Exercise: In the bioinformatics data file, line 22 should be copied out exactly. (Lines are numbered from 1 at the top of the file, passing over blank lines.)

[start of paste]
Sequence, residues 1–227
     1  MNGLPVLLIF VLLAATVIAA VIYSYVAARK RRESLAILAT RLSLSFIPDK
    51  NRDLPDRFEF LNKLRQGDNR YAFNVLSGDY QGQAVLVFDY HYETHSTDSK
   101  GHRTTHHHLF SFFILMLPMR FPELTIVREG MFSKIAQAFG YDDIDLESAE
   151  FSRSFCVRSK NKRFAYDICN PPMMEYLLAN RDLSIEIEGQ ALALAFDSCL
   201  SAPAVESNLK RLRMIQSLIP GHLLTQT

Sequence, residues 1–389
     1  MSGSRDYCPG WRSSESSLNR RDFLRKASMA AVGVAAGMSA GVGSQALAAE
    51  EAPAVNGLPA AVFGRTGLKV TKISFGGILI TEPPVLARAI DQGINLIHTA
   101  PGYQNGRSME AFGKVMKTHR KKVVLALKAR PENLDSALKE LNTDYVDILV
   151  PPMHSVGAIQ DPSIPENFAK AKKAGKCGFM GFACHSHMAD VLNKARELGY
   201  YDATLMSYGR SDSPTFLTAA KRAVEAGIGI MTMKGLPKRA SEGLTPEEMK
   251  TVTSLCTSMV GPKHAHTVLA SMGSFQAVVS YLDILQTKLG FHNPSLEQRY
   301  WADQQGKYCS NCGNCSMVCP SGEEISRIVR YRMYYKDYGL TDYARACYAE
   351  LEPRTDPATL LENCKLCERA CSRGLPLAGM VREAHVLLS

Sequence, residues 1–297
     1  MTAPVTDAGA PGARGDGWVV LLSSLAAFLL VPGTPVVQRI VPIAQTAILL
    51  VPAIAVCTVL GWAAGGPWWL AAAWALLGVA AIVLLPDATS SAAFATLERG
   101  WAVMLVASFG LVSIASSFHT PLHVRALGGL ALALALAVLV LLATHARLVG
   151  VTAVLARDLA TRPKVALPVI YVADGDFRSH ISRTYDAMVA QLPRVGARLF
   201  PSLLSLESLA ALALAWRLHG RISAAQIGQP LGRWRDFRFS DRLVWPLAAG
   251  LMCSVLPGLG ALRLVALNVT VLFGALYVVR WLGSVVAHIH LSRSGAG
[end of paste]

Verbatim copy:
   251  LMCSVLPGLG ALRLVALNVT VLFGALYVVR WLGSVVAHIH LSRSGAG